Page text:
Opnext hits low end of Q1 revenue guidance, calls for flat Q2
Opnext Inc. (NASDAQ:OPXT) on August 4 reported revenues in its first fiscal quarter at the very low end of its previous guidance. Continuing a theme begun with Oclaro’s assessment of the optical communications market, Opnext management said that, looking forward, inventory corrections were less of a concern than fitful carrier deployment plans.
Opnext Inc. (NASDAQ:OPXT) on August 4 reported revenues in its first fiscal quarter at the very low end of its previous guidance. Continuing a theme begun with Oclaro’s assessment of the optical communications market (see "Oclaro: Inventory correction over, but revenue slump continues in 4Q11"), Opnext management said that, looking forward, inventory corrections were less of a concern than fitful carrier deployment plans.
Opnext said it garnered $93.1 million in revenues during the quarter, which ended June 30, 2011, after guiding $93 million to $97 million. The fiscal first quarter performance represented an 18% improvement over the same quarter last year, but a 2% decline from the previous quarter.
Combined, Cisco and FiberHome contributed 40% of revenues for the quarter.
Chairman and CEO Harry Bosco said that the company stubbed its toes in two areas during the quarter that affected revenues. First, the installation of new machines to make 100-Gbps CFP modules constrained capacity, while the company ran into system interoperability issues with two new customers of 40-Gbps DQPSK modules. Bosco told participants in an analyst call August 4 that the CFP production issues had been solved. One of the 40G module interoperability problems also had been put to bed, while work is ongoing on the second.
Meanwhile, gross margin of 21.8% in the quarter represented a 2.2% sequential improvement and a 3% uptick compared to the quarter ended June 30, 2010. Bosco cited this number as an indication that the company’s cost-reduction initiatives had begun to pay off.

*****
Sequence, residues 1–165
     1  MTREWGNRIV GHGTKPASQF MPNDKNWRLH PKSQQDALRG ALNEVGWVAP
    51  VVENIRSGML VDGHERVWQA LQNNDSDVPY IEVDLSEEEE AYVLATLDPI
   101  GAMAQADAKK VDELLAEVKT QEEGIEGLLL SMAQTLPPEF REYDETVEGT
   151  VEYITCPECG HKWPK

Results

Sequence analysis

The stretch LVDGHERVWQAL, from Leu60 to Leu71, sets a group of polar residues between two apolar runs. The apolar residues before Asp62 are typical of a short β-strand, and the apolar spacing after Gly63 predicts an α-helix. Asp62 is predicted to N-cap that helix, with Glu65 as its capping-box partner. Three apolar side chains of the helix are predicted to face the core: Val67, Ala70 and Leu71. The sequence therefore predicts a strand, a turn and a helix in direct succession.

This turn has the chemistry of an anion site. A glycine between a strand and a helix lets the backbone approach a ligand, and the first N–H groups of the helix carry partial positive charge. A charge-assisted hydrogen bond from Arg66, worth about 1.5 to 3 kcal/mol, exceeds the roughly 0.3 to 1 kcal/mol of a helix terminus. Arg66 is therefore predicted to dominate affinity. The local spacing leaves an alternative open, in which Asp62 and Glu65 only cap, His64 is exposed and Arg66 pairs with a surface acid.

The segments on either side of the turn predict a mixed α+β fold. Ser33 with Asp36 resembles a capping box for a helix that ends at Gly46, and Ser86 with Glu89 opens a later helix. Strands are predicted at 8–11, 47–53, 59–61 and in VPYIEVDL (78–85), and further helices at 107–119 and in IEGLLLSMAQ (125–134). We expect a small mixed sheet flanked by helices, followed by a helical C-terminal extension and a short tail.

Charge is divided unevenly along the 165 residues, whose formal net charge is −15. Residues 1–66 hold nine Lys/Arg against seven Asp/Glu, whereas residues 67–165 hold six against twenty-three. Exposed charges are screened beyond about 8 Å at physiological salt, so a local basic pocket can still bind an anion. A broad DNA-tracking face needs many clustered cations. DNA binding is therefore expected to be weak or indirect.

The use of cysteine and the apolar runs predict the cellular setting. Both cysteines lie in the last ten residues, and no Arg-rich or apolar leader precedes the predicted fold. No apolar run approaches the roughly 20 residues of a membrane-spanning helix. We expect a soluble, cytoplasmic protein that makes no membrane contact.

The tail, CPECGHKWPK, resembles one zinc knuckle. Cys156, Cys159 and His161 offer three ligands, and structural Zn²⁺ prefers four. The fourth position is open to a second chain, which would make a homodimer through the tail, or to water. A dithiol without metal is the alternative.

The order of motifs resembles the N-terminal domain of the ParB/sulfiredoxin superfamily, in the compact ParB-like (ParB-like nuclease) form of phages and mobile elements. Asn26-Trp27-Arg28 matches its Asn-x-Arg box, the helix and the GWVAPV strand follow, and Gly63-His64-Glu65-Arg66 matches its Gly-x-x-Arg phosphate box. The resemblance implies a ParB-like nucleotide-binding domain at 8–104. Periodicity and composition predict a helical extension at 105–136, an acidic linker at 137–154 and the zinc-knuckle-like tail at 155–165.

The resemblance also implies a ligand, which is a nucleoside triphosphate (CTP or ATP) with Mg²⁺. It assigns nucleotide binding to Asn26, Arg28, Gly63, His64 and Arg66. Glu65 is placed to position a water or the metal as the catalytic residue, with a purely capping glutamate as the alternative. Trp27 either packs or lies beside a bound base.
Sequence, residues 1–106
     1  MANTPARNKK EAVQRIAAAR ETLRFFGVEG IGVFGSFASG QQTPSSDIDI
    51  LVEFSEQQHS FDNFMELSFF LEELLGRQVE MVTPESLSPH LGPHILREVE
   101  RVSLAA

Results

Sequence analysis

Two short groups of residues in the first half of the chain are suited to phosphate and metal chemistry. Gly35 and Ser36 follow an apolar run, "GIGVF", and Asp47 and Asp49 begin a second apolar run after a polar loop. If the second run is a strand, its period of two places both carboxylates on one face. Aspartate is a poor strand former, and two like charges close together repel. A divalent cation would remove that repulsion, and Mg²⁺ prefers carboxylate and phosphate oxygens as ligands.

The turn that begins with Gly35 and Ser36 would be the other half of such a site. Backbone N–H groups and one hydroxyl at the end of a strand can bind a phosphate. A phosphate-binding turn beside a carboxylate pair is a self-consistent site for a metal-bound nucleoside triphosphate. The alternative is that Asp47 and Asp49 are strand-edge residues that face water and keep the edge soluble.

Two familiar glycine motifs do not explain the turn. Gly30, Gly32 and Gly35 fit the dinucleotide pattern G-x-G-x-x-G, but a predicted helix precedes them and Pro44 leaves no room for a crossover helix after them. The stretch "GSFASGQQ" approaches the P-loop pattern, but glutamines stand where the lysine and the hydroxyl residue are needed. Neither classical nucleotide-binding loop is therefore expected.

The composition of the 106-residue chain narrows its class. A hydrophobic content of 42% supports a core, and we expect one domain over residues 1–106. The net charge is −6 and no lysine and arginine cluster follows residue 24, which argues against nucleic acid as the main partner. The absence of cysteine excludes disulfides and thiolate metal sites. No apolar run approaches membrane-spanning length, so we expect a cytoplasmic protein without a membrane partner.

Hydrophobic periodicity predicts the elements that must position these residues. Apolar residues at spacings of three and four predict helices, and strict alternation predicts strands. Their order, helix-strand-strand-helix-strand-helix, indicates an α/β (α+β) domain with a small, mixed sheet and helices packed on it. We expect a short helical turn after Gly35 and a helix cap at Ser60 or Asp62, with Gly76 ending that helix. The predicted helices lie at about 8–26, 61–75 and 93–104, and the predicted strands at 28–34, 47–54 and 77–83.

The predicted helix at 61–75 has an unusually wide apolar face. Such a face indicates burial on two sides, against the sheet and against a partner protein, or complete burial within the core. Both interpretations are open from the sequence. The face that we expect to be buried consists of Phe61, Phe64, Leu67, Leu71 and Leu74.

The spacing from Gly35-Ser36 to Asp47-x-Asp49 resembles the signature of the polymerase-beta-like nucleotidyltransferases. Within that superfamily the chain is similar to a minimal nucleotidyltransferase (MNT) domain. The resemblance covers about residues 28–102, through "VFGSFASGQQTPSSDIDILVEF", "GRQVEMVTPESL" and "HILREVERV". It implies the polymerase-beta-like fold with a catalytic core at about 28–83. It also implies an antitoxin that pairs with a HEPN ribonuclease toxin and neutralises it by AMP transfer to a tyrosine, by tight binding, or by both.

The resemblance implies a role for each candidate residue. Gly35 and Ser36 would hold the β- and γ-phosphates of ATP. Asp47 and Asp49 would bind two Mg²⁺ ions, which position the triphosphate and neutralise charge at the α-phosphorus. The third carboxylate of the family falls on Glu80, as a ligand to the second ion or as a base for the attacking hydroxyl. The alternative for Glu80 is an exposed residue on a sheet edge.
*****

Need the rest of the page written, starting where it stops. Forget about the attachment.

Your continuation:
EBITDA was $2.0 million compared to $17.3 million in the previous quarter and negative $8.5 million in the year-ago quarter.
Looking forward, Bosco said he expects revenues for the upcoming quarter to fall between $89 million and $95 million. “At present, demand remains soft and we don’t anticipate any significant growth in the near term,” Bosco told participants on the call. However, he said this was mainly due to the vagaries of network deployment plans, rather than because of excess inventory at his customers.
“I don’t see the uptick over the next quarter, but probably the following quarter. I hear the demand is there, it’s coming in, but it’s just a matter of getting qualified in some of these system providers and then they start their deployments,” Bosco said. “I think it’s more of, a lot of our customers are bidding for the projects, they’re getting their qualifications done, and then it’s a matter of how fast the networks are deployed.”
Bosco said that the company had made significant progress in earning design slots for applications at 40 Gbps and above. He said that Opnext is now qualified for 79 design slots at 28 customers at 40 Gbps and two slots at two customers for 100-Gbps CFP modules. The company is also in the process of being qualified for another 17 slots with 12 customers for the 100-Gbps CFP.
On the 100-Gbps coherent front, Bosco said that discussions with potential customers indicated that Opnext could be in a position to address 50% of the total market when it releases its upcoming DP-QPSK product. This includes system houses that have designed in their own technology in their first-generation systems.
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